If the application relies on certain headers being set (such as the
Host header) or a specific
URL path relative to the root, you can also send specific HTTP headers:
$ drycc healthchecks:set liveness httpGet 80 \ --path /welcome/index.html \ --headers "X-Client-Version:v1.0,X-Foo:bar" === peachy-waxworks Healthchecks web/cmd: Liveness -------- Initial Delay (seconds): 50 Timeout (seconds): 50 Period (seconds): 10 Success Threshold: 1 Failure Threshold: 3 Exec Probe: N/A HTTP GET Probe: Path="/welcome/index.html" Port=80 HTTPHeaders=[X-Client-Version=v1.0] TCP Socket Probe: N/A Readiness --------- No readiness probe configured.
To configure an
exec readiness probe:
$ drycc healthchecks:set readiness exec -- /bin/echo -n hello --type cmd === peachy-waxworks Healthchecks cmd: Liveness -------- No liveness probe configured. Readiness --------- Initial Delay (seconds): 50 Timeout (seconds): 50 Period (seconds): 10 Success Threshold: 1 Failure Threshold: 3 Exec Probe: Command=[/bin/echo -n hello] HTTP GET Probe: N/A TCP Socket Probe: N/A
You can overwrite a probe by running
drycc healthchecks:set again:
$ drycc healthchecks:set readiness httpGet 80 --type cmd === peachy-waxworks Healthchecks cmd: Liveness -------- No liveness probe configured. Readiness --------- Initial Delay (seconds): 50 Timeout (seconds): 50 Period (seconds): 10 Success Threshold: 1 Failure Threshold: 3 Exec Probe: N/A HTTP GET Probe: Path="/" Port=80 HTTPHeaders= TCP Socket Probe: N/A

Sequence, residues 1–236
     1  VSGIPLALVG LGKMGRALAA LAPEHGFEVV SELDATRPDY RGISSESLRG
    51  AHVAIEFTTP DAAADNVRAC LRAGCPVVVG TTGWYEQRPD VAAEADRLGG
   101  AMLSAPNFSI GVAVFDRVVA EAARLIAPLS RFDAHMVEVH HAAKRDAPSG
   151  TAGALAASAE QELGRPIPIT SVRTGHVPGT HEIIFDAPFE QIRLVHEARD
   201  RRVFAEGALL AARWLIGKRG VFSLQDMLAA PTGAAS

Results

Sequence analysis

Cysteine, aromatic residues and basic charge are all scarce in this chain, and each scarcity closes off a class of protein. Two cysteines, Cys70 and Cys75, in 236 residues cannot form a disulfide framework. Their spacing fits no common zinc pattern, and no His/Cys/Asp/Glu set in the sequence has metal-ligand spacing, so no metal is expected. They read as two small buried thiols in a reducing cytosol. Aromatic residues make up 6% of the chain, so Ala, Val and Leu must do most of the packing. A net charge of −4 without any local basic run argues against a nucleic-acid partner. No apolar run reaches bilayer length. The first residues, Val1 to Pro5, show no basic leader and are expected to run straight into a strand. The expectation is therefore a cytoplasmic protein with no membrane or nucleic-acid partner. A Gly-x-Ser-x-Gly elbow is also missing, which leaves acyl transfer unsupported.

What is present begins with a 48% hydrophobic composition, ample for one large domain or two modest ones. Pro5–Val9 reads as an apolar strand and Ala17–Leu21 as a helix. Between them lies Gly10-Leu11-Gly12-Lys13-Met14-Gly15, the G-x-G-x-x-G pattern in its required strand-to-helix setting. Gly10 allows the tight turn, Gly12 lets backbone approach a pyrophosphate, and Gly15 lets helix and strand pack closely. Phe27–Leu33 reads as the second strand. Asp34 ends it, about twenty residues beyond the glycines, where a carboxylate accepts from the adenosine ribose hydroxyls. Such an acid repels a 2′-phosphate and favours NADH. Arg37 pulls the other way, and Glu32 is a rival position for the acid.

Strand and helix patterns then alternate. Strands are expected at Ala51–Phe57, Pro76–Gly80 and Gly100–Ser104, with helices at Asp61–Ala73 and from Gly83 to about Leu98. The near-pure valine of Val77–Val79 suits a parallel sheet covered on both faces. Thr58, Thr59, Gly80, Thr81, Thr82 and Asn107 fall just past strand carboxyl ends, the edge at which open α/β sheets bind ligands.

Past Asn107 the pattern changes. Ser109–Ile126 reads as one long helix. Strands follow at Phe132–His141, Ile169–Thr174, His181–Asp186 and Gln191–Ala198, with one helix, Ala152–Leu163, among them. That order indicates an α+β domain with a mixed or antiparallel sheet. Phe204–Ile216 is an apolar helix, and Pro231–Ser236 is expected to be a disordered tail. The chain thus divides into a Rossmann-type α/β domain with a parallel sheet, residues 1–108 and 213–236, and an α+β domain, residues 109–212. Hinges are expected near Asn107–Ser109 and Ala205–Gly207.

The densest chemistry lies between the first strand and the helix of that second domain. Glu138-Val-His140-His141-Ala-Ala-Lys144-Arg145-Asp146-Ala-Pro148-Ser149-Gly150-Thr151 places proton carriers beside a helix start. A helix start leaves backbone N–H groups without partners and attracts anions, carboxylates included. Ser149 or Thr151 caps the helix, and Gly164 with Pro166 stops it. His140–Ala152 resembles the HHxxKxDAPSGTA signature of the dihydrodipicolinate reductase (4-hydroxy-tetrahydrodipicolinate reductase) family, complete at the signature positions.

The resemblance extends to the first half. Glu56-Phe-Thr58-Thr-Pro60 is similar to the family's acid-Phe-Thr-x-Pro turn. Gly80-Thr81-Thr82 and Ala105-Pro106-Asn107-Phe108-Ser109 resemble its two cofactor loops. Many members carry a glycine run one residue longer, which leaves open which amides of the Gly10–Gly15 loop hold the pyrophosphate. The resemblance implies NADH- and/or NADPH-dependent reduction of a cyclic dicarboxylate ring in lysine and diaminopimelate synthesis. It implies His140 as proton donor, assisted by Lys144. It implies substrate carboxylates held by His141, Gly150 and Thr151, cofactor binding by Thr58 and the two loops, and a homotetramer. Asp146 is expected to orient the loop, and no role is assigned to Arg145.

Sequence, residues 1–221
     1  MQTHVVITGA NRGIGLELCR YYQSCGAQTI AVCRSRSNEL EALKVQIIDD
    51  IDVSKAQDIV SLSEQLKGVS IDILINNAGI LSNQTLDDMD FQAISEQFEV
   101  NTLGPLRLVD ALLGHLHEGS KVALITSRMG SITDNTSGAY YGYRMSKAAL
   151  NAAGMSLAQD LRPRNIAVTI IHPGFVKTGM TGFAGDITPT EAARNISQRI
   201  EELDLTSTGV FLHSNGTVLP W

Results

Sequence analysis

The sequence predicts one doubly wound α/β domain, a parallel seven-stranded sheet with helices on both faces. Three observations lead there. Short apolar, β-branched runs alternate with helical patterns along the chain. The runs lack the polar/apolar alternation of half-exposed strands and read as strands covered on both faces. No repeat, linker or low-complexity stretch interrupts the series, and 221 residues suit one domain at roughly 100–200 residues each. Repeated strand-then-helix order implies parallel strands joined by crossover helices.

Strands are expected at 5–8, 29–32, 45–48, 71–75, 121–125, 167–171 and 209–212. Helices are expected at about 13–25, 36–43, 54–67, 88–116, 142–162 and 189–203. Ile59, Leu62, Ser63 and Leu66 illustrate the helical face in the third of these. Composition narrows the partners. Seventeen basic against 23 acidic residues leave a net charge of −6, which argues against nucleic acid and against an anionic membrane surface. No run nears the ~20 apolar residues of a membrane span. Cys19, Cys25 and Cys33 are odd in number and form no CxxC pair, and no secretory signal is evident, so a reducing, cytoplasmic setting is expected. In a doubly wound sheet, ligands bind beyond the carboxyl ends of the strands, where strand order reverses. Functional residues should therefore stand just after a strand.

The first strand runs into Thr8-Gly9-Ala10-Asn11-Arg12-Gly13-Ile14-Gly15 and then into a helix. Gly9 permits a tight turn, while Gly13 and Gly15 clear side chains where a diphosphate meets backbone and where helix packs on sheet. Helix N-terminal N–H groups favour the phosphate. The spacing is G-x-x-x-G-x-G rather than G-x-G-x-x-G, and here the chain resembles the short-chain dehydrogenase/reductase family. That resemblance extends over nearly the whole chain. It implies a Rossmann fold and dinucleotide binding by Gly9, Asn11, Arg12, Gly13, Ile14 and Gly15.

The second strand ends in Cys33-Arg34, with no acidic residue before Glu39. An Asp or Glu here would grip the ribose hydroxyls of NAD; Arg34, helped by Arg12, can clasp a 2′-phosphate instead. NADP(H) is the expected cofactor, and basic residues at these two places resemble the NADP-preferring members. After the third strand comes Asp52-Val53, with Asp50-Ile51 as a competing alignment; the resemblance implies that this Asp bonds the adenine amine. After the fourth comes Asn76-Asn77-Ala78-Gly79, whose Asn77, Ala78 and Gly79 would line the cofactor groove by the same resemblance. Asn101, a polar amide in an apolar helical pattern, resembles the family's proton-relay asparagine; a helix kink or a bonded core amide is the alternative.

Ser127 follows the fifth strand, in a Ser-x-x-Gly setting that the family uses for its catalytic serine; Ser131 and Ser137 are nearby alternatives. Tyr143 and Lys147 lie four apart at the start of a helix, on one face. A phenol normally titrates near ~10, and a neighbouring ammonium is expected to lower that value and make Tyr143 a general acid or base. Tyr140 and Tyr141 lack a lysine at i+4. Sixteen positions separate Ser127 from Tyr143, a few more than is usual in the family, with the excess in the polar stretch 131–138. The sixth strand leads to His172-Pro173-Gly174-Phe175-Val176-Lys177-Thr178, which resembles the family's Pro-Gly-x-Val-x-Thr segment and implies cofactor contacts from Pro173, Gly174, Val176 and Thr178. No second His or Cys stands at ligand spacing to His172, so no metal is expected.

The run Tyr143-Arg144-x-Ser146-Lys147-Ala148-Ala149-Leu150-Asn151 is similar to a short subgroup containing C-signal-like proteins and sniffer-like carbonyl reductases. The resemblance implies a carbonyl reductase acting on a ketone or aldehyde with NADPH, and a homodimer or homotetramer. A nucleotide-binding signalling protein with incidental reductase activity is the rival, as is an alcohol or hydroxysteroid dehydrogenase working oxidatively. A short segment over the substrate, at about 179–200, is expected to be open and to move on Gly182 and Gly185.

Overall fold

Configured health checks also modify the default application deploy behavior. When starting a new Pod, Workflow will wait for the health check to pass before moving onto the next Pod.
Workflow supports isolating applications onto a set of nodes using
In order to use tags, you must first launch your cluster with the proper node labels. If you do not, tag commands will fail. Learn more by reading "Assigning Pods to Nodes".
Once your nodes are configured with appropriate label selectors, use
drycc tags:set to restrict
the application to those nodes:
$ drycc tags:set environ=prod Applying tags... done, v4 environ prod